Device for Ultrasound Imaging of Fingerprints

Biometrics – the measurement of physical and biological characteristics unique to each individual for the purpose of personal identification – is critical in many security-related situations. These include restricted access to areas, data, objects, and in some cases, medical emergencies. Direct measurement can be more convenient, user-friendly and secure compared to some form of tag (ID, key or password) assigned to the person.


The objective of this research is to develop a new robust fingerprint identification technology based upon forming surface-subsurface (under skin) ultrasonic 3D images of the finger pads. The work presented below aims to create specialized ultrasonic scanning methods for biometric purposes. Preliminary research has demonstrated the applicability of acoustic microscopy for fingerprint scanning. The additional information from internal skin layers and dermis structures contained in the scan improves confidence and reliability in the identification. Advantages of the proposed technology are the following:

  • Spatial resolution up to 0.05mm when operating in pulse-echo mode
  • Full-range “nail-to-nail” scanning of the fingerprint area (2.5 x 2.5 cm) is done in seconds with a resolution of up to 1000 dpi.
  • In addition to fingerprints, sweat pores can be identified at the surface and under the skin
  • No sensitivity to finger surface conditions (ex. oily or dry skin, cuts, etc.), unlike traditional surface-imaging techniques
  • Integrated liveness check via Doppler-based blood-flow measurement
  • Utilization as a polygraph device, monitoring blood-flow and pore dilation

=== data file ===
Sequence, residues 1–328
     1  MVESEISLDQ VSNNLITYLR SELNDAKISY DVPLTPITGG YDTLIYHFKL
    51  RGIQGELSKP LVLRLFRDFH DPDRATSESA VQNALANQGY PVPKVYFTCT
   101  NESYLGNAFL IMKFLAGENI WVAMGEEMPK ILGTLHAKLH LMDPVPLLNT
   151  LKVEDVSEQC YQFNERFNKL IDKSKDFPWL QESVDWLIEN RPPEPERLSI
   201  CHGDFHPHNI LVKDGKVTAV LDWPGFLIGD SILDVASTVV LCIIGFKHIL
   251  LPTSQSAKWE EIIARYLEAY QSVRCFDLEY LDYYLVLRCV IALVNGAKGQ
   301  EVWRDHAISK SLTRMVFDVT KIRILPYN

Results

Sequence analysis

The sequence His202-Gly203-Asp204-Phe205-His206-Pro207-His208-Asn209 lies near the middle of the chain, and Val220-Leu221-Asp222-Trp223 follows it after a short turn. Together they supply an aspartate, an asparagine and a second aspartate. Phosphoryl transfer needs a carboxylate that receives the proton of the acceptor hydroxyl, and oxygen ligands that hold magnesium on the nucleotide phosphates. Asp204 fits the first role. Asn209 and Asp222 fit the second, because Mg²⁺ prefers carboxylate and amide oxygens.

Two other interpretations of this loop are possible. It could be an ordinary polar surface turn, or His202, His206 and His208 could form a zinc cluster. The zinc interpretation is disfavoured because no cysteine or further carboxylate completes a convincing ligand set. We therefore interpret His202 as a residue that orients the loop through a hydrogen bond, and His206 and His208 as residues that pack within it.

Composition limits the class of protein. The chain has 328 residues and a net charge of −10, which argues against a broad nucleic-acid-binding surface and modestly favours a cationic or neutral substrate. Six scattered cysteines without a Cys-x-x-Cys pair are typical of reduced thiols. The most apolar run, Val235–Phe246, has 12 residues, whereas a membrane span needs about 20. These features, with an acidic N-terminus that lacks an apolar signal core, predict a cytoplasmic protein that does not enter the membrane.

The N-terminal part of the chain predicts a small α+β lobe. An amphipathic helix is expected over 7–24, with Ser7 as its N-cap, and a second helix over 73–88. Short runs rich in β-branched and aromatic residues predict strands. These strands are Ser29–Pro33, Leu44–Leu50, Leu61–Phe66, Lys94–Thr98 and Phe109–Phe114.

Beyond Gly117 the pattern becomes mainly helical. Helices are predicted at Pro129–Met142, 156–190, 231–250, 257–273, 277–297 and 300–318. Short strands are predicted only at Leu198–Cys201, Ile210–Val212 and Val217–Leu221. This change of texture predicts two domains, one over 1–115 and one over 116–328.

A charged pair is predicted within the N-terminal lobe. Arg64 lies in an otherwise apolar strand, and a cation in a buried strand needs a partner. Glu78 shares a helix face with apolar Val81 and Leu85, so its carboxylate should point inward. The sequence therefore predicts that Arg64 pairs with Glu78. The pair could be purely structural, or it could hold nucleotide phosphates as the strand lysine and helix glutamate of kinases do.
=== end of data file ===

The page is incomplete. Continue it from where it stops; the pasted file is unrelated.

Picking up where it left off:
• Compatibility with fingerprint databases obtained with other techniques

A laboratory prototype of the system based on these principles has been designed, built and tested. It is the first step toward a commercial implementation of this technology. Next, the scanning time will be reduced by parallel data acquisition – n (likely four) simultaneously operating focused transducers.

Accounting for the cylindrical shape of the scanned object (finger), we proposed the following design: a set of n spherically-focused acoustic lenses are mounted on a cylindrical rotor; its rotation provides fast scanning along one direction (X-direction); and linear axial motion of the rotor gives a second direction (Y-direction), as shown below. We excluded classical mechanical scanners with back-and-forth transducer motion due to the time wasted for acceleration and deceleration.

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The coupling between the transducers and finger is maintained with a stationary acoustically-transparent finger holder and liquid layer between the rotor and holder. An electronic switch connects each lens to the pulser-receiver circuitry as it passes under the finger. An image of this can be seen below.

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Acquired data is processed by a host computer to construct high-quality fingerprint images that are compatible with other fingerprint databases.

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